Ghana Diary 1: Not the Ghana we were told

Ghana Diary 1: Not the Ghana we were told

To start with, this is not my first time in Ghana but this trip is special to me because of the magnitude of the occasion. It was a rare privilege to fly with the team to Kumasi on Thursday morning which I am grateful for.

I have also longed to return to Ghana after my first trip in 2018 (when I spent just three days, even more than I will spend this time). I was hopeful to see some of the hyperbolic features (as it turned out) and supposed good life which I coveted from countries like Morocco and Egypt in the past.

Interesting landing

Well, we got a rude beginning when we landed at the Kotoko International Airport when our Flight Pilot announced that we would wait a little longer before alighting because the analog ramp brought for the flight was inadequate. A still small voice whispered to me “Here we go.”

NFF President Amaju Pinnick then showed some good leadership traits by jumping off the comical ramp and encouraged others to do same as no one was sure how soon a better ramp would arrive. We all did and the result was what went viral on social media on Thursday.

We then set off for our hotel, giving me a chance to feed my curiosity on the city’s aesthetics since I was in Accra the last time I came. Well, as seen in the Twitter link below, it was just like a typical visit to my in-laws in Awgu Local Government area of Enugu state as the roof colours and even road patterns bring back such memories.

The heat

In some Nigerian higher institutions, dark Nigerians (like myself or even darker than I am), are nicknamed Mensah or Ghanaian names which implicitly means that we believe that Ghanaians are predominantly dark. Now, I can tell you why.

After a couple of hours in Kumasi, what kept ringing in my head was a line in Beautiful Nubia’s song, Seven Lifes where he sang “I was born where the heat is like a second skin.” I would think that he has been to Ghana before because…  The heat, even at just 33°C (perhaps aided by the humidity) was a reminder for me to be focused on this our heavenly race o. Hell will not be funny.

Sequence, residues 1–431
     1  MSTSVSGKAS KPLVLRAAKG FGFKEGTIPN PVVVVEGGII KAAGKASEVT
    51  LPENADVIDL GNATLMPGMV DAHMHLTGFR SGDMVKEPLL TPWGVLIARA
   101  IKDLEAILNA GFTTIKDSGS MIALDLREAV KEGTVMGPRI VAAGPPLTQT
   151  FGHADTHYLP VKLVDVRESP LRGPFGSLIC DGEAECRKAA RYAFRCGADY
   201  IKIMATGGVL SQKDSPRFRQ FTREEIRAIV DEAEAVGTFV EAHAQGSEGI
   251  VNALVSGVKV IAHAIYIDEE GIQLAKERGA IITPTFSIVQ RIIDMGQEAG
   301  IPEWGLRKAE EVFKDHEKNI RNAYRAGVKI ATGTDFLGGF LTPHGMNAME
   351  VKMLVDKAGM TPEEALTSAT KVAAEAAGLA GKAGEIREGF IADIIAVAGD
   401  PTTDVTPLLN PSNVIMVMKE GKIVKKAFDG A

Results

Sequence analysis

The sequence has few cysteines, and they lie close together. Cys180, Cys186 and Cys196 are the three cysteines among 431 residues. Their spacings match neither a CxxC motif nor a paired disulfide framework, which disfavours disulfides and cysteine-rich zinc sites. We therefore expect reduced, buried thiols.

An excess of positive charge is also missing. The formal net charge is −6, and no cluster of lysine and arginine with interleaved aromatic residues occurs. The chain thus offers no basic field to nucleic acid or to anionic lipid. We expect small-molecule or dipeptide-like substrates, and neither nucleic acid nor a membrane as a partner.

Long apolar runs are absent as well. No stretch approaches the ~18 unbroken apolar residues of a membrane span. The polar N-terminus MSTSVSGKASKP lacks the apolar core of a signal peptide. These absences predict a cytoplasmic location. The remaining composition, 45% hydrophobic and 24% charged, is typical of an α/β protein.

Bragging rights

The game on Friday aside, the Ghana vs Nigeria rivalry social bragging rights were also on my table. Many Nigerians have been made to believe that our West African brothers enjoy uninterrupted electricity supply but it took me just two hours to unravel that.

At our first port of call – a nice hotel where some of the members of delegation were lodged at the Ashanti region – I first noticed that the ceiling fan cushioning the effect of the heat at the bar stopped rolling and before we blinked, the generator was powered.

“Oh, una dey use Gen for here too?” asked Sulaiman Pooja rhetorically. That bragging right was evaporated at that instance. To rub salt to injury, the generator developed a major fault moments later and smoke engulfed the hotel bar where we were. They compensated us with a very delicious meal though. Of rice, salad and beans salad. It was truly nourishing.

If light nor dey go, how come una get generators?

Another beautiful Queen

Moving to our hotel apartment, we met a very lovely lady called Queen who is ‘gifted in the right places’. I have met some lovely ladies named Queen in this my life and this one is not an exception. She is the human version of “God is Good”.

Queen attended to us for like three hours, in a simple, accommodating and very down to earth manner. Don’t let me say more than that. Well, we’re checking out on Friday afternoon, pity.

I will try to give a ‘relatively unbiased’ analysis of the Ghanaian Jollof on my second and final diary for this Ghana trip tomorrow. Crucially though, give us this day oh Lord.


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